|Not long after we arrived a government helicopter could be seen in the distance making towards the lighthouse. I photographed this interesting site as it came around, landed and discharged a few passengers. I later learned that I’d just viewed the shift change of the lighthouse attendants from Machias Seal Island. Yes, that’s correct, MSI is one of the few locations left that actually has lighthouse tenders that work in shifts around the clock...|
|We talked to this fine group of young people on the cliffs. I asked if they wanted their picture taken and then presented them my card so they could check my website for this account after a few weeks. Okay you guys, please find your Southwest Head photograph at left...|
We took many photographs at Southwest Head and after time packed our gear to head northward. Loretta wished to get some photos of the deer but they weren’t near the road on the way
by so we didn’t stop. Not far from this point we came across a restaurant and decided to stop for lunch. Afterwards we took the road into Seal Cove and located the departure pier
where ‘Day’s Catch’, the vessel we had our sea tours planned with, puts out & anchors. We’d called Sea Watch Tours and knew we’d have to be back here around 0730 the next morning
and wished to get a jump on learning where we had to be.
Linda took this Monarch Butterfly image near the light house after she chased it around for a time.
We’d be driving by the Anchorage area where the Bald Eagles had been spotted and knew from the map several ponds were also near by. So we took the short road into the Anchorage
Provincial Park to take a look around. Much like the marsh area earlier, a gravel road ran parallel to the sea and we followed this to the left, which passed the ponds.
The gravel road was between the ponds and the sea and the area was quite scenic. There were several walking passes from the road to get over to the sea but we followed the road
to the end, where there was parking and picnic tables and a few other amenities. It was fine day and we walked towards the water onto a large and open beach area. This
beach was pristine in character and I immediately thought of what this scene would be like in Maine – it would have had many people around - people all over the place –
here there were hardly enough folks around to make an impact on the size of this expanse... we didn’t have time to frequent any beach this trip but I knew if we did this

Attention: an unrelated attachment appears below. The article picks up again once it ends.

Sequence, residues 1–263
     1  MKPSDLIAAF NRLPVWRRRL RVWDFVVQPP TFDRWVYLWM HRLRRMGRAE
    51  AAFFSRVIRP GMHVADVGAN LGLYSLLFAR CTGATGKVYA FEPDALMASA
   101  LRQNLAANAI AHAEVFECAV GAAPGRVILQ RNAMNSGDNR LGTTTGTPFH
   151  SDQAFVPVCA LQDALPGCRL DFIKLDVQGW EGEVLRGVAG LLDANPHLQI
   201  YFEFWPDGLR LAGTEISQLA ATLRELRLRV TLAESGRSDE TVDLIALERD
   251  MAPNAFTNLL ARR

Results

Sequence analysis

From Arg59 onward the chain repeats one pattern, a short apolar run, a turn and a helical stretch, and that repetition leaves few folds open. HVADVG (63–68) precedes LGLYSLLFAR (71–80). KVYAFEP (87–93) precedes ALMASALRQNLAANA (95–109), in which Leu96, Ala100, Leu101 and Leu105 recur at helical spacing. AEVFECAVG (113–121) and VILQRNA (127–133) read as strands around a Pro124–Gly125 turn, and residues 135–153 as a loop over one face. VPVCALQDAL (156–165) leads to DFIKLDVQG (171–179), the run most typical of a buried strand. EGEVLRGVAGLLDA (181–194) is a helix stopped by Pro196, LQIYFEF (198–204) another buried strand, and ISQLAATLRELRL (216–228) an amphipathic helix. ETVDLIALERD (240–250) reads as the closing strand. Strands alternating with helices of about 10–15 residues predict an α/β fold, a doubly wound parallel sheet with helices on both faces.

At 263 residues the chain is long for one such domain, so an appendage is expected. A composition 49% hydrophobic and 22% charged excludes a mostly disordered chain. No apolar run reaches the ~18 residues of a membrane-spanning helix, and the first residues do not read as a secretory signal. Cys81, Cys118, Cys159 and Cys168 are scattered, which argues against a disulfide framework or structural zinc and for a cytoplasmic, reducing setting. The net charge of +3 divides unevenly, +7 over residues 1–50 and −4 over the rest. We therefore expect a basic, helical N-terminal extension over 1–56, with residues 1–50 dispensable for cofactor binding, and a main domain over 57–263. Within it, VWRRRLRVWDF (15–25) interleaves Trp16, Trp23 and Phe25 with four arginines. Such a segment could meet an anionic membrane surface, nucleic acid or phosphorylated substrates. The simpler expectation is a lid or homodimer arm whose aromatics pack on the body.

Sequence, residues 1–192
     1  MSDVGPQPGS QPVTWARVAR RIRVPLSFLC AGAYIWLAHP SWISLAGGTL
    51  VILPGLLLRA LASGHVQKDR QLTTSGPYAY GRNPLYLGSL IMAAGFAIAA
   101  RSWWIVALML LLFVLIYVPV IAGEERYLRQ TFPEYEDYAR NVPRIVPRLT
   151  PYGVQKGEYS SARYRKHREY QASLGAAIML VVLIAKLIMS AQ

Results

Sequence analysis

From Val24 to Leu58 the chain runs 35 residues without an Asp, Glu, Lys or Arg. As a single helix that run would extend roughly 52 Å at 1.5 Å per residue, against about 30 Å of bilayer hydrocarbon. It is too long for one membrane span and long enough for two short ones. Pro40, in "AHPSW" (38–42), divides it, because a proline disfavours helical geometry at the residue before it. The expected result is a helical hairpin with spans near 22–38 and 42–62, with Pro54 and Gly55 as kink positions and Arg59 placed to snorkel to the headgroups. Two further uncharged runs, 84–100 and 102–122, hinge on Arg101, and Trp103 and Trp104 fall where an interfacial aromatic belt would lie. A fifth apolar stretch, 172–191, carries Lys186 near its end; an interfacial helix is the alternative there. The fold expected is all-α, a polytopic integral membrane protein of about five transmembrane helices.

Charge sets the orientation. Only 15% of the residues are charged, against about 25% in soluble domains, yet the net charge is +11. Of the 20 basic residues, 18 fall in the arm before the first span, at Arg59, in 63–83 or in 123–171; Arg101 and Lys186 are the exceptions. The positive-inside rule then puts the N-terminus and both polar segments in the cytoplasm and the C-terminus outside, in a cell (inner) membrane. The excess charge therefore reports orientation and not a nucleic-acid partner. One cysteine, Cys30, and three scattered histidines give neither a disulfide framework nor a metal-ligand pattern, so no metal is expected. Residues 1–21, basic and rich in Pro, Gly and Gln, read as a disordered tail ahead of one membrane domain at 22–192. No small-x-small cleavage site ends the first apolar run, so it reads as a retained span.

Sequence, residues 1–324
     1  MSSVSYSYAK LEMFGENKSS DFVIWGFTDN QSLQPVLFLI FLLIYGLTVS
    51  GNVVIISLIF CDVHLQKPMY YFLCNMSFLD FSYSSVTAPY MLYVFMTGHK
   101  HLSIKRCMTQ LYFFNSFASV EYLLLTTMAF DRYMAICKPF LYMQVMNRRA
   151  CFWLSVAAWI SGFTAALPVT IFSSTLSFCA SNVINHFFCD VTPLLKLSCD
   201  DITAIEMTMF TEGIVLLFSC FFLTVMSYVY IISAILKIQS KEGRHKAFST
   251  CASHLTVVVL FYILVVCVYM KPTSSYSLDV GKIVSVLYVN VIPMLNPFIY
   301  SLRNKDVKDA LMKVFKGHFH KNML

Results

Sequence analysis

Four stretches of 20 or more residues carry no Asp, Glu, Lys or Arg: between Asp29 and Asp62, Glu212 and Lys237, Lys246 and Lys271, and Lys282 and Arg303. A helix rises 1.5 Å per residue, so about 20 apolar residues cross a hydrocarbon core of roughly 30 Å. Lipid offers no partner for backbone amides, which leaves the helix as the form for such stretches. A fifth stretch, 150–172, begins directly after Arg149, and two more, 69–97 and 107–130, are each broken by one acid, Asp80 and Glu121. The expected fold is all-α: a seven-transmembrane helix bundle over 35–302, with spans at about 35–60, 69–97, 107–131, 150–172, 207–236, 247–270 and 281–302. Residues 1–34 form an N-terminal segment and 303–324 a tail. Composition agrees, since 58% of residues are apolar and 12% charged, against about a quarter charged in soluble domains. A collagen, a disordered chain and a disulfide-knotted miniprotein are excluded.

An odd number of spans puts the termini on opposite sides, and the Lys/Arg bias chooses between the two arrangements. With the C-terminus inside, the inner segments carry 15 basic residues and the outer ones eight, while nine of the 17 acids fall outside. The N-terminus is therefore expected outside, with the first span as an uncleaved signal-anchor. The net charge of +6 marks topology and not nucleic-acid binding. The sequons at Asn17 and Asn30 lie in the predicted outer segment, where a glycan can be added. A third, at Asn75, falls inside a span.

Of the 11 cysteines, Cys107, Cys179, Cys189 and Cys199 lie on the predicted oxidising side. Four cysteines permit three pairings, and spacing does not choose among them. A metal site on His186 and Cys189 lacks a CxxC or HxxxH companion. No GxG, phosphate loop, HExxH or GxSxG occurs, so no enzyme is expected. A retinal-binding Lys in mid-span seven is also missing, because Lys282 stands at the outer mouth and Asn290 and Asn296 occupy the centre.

beautiful place would be it.
We didn't pull either camera out at The Anchorage so didn't get any shots to add here. We'd been doing a great deal of photography and we just wished to relax for a bit. Packing and unpacking the camera gear can get tedious if one stays on the move often.
We talked to a gentleman who lived on Grand Manan for a time and learned much about the island from our discussion. He was interesting and helpful; I always like to speak with people living in the area to obtain their views on things. Linda had our binoculars and had been scanning the sky when she announced there was a pair of eagles in flight far away over a distant point. We all had a look and confirmed she was absolutely correct. Our new friend gave me directions if we wished to try to access that location to seek out where they may have gone. I learned there are many eagles on the island but never was able to find any close up as I’d hoped.
Linda and I took the bike up the road closer to the entrance and stopped at a hiking path going into a wooded area. We walked this trail for ten or fifteen minutes and didn’t see anything
of particular interest and only a single bird when I decided to head back. Kevin and Loretta wouldn’t know where we got off to and we weren’t really dressed for this endeavor. When we
came out of the woods they were waiting and speaking with a fellow near where the bikes were parked. We asked this fellow about eagles and his view was that they were a
scourge on the island and had decimated the songbird and other populations with their voracious eating/hunting habits. I thought this point of view interesting
although I understood how this could be an issue. Eagles are protected in Canada as well as the United States from what I gathered so the locals didn’t really